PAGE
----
Monday, November 23, 2009

What's the One, Simple Thing Garber Could Have Done to Bring Credibility to MLS?

Meet Bob. Bob is an American soccer fan, an avid supporter of the USMNT, and Liverpool FC on weekends, with a soft spot for Barcelona. Bob's seen it all, Champions League group stages, FA Cup replays, La Liga on Sundays. But Bob has never been able to "get into" MLS, for whatever reason. He exactly the sort of character MLS chairman Don Garber was talking about when he told Grant Wahl, “There are still far more soccer fans in this country than there are MLS fans.”

Bob, bored with the American football highlights seemingly on every single channel, happens upon ESPN at 8:30 PM EST last night. Now, keep in mind, Garber wants people like Bob in the MLS fold. Bob considers himself a knowledgeable follower of the game. He's willing to give this a chance; I mean, you're not going to find much live soccer at 8:30 PM on a Sunday evening.

So what's the first thing Bob sees?

That's right, a pitch resembling an abandoned city lot. Bob notices long passes bobbling their way to the feet of waiting wingers, easily picked off by listless full-backs. He sees short passes bungled out to touch. He sees attacks forming almost as soon as they're snuffed out when a player is forced to take too many touches.

Bob isn't thinking, if only there was more money for better players, more DP slots, so it could be a better league. Bob is wondering why the pitch looks like complete and utter shit for a so-called Cup Final. So, after a tedious first half, Bob declares that this is mickey mouse stuff, watches the Defoe highlights again and goes to sleep, vowing never to watch an MLS game again.

Sometimes bringing in American soccer fans to MLS comes down to the small stuff.

8 comments:

Matthew N said...

Couldn't have said it better myself. Though to be fair, I am almost exactly like Bob, and I think I will tune in for more MLS (as long it isn't on a turf field).

Brian said...

This post is a microcosm of the idiocy of most criticism of MLS. You say "What's the One, Simple Thing Garber Could Have Done to Bring Credibility to MLS?" and then proceed to list at least four things you don't like - the pitch, bad long passes, bad short passes and players taking too many touches.

Well, which is the one thing? And how does all of this fall at the feet of Don Garber?

The league isn't perfect by any stretch of the imagination. It needs to continue to improve just as it has slowly over the past 14 years. But if Bob is content with watching one team give up nine goals in one of the world's best leagues instead of watching the MLS final because it isn't perfect, maybe Bob is as much or more of the problem than Garber or the owners or anything else.

Snobbery starts with the snob.

eltigreferoz said...

I'm not sure I agree. Garber wanted the final in Seattle, to both celebrate their new team and to further embrace the sport there. If your friend Bob has a problem with the pitch, it's not Garber's fault, but Seattle's for having to play at Qwest field. The confetti was actually from the festivities beforehand, the divets in the field from the Seahawks. It's too bad the pitch (turf, in fact) wasn't in the best shape, but without tons of money, a new stadium, there wasn't much option. Garber could have held the final somewhere else, but the point was to give it to Seattle. Once that club grows, and this league grows, I'm sure pitch improvement is high on the list for programs to start. But at the moment the priorities are salaries,player acquisition and fan networking--all of which are probably just a little more important at this point. If Bob is complaining because the pitch is not as nice as Liverpool's or Barcelona's or whatever foreign team he'd rather support than a team from the country he lives in that he can actually go and view in person and support week after week, then perhaps he's better doing just sitting at home and watching his tv all the time. The MLS is only 15-years-old, financially stable and out of the red (unlike Liverpool or Barcelona), and is growing year after year. But it's going to take time, sorry. So stop whining and start supporting your local team.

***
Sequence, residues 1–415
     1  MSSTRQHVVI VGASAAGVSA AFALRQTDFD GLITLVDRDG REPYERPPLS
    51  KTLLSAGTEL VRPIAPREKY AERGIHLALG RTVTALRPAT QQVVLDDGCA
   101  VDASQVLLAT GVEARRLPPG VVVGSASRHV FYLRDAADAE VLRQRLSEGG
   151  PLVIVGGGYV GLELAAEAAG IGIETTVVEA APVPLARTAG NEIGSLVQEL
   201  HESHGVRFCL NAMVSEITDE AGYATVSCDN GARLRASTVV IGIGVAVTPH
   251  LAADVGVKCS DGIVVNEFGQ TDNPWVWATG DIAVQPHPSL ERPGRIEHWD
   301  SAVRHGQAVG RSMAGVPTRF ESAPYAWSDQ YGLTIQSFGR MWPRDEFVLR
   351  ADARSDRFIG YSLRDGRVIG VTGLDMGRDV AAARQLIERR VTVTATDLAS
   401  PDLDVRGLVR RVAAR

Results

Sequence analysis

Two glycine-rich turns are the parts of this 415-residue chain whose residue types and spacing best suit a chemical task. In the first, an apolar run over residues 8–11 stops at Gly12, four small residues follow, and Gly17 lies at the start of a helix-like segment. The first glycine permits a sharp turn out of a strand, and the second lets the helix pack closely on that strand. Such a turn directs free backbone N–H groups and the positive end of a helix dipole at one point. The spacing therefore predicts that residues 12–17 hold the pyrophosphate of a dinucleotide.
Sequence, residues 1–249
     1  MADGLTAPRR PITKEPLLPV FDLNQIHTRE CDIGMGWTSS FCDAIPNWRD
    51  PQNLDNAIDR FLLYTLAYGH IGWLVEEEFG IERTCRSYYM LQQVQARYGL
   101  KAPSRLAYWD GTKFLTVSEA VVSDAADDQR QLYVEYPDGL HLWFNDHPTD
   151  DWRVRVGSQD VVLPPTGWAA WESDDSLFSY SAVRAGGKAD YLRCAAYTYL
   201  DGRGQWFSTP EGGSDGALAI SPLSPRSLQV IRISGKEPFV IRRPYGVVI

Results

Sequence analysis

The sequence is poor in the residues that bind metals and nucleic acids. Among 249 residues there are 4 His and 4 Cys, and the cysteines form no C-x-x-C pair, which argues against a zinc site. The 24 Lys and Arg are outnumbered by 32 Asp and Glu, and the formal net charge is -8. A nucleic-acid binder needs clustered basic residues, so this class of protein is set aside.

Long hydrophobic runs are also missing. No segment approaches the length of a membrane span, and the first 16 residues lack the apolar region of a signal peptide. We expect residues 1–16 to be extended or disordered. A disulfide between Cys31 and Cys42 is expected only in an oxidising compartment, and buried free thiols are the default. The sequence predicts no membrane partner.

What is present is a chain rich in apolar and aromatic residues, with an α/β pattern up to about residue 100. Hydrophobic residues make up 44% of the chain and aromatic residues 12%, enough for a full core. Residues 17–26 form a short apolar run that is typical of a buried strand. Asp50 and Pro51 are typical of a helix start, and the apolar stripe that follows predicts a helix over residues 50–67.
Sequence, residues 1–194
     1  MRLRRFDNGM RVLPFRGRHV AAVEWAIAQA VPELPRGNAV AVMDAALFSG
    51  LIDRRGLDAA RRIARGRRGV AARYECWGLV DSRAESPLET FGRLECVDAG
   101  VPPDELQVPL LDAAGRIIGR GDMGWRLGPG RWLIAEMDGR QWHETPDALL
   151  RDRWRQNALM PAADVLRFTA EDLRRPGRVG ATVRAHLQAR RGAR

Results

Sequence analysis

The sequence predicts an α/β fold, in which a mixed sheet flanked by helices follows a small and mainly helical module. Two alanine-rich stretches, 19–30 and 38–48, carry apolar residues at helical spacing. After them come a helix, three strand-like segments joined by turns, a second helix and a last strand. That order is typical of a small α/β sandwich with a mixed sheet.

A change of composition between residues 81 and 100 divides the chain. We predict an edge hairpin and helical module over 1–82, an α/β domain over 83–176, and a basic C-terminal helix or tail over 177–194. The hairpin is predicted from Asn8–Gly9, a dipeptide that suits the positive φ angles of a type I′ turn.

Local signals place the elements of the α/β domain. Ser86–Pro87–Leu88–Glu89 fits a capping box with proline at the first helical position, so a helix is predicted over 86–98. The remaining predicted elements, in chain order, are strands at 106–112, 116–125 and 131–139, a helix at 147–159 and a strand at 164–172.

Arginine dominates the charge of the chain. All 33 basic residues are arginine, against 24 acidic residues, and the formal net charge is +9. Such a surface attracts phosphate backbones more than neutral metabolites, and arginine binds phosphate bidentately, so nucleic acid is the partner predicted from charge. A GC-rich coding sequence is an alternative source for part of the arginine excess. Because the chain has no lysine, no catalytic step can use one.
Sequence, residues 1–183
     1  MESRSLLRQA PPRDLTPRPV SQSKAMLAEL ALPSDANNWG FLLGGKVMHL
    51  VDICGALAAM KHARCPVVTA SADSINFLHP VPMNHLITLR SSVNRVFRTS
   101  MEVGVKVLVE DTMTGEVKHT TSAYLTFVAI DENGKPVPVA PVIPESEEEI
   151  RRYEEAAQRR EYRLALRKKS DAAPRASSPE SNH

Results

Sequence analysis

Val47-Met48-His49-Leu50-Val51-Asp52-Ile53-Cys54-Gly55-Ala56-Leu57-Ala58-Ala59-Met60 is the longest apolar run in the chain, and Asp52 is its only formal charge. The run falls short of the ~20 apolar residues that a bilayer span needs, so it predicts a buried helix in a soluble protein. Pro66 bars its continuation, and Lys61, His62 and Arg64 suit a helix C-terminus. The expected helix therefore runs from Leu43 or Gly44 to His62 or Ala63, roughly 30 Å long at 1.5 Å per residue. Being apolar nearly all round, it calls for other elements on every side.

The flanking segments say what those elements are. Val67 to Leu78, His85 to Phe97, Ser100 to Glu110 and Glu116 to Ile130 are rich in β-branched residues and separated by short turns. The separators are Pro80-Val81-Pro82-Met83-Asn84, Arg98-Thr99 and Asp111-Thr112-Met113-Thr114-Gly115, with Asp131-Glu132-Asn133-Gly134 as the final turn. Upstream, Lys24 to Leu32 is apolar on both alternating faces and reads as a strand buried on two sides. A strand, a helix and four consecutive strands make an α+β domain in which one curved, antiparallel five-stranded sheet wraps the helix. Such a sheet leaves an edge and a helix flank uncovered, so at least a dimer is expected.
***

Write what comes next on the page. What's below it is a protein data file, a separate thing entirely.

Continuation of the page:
Richard Whittall said...

Brian - I tried to make the point that the pitch played a big role in the faulty passes and the bobbled touches i.e. the pitch had a negative effect on the quality of play. If I failed in that regard, I apologize.

eltigeferoz - Sorry, this is the MLS CUP FINAL we're talking about, not a league match. This is the one game MLS wants to spend the big bucks on making nice. It's not a stretch to say a quality pitch would have made a huge difference in the quality of play (see above).

Jeff said...

I agree 100% with your point, Rich (Brian, learn how to pull a main point out of an article, was it that bloody hard for you?). In fact, I have proof of the Canadian side of "Bob" in a friend I invited over to watch the Cup final with me last night.

Jordan, an avid CMNT fan and fellow Voyageur, was shocked at the ugliness of the turf for last night's game. We had a good half hour discussion regarding it during that dismal first half. He had yet to see a game played in Seattle, and thought it looked uglier than the BMO turf (that's sayin something!).

Kyle said...

I have to ask eltigreforez... how are there divots in a turf field? That comment seems to point to a lack of knowledge about this subject.

Matt said...

While the FieldTurf pitch does change the way the game is played I think your friend must not have watched much MLS if he thinks the pitch "played a big role in the faulty passes and the bobbled touches"...that is simply MLS whether on grass or on FieldTurf. Yeah, it's a little better on grass...but not much.

mastarna said...

I guess the final could have been at Houston- there's a little grass along with its sand. Sorry, but I'll take good field turf over lousy 'grass' any day...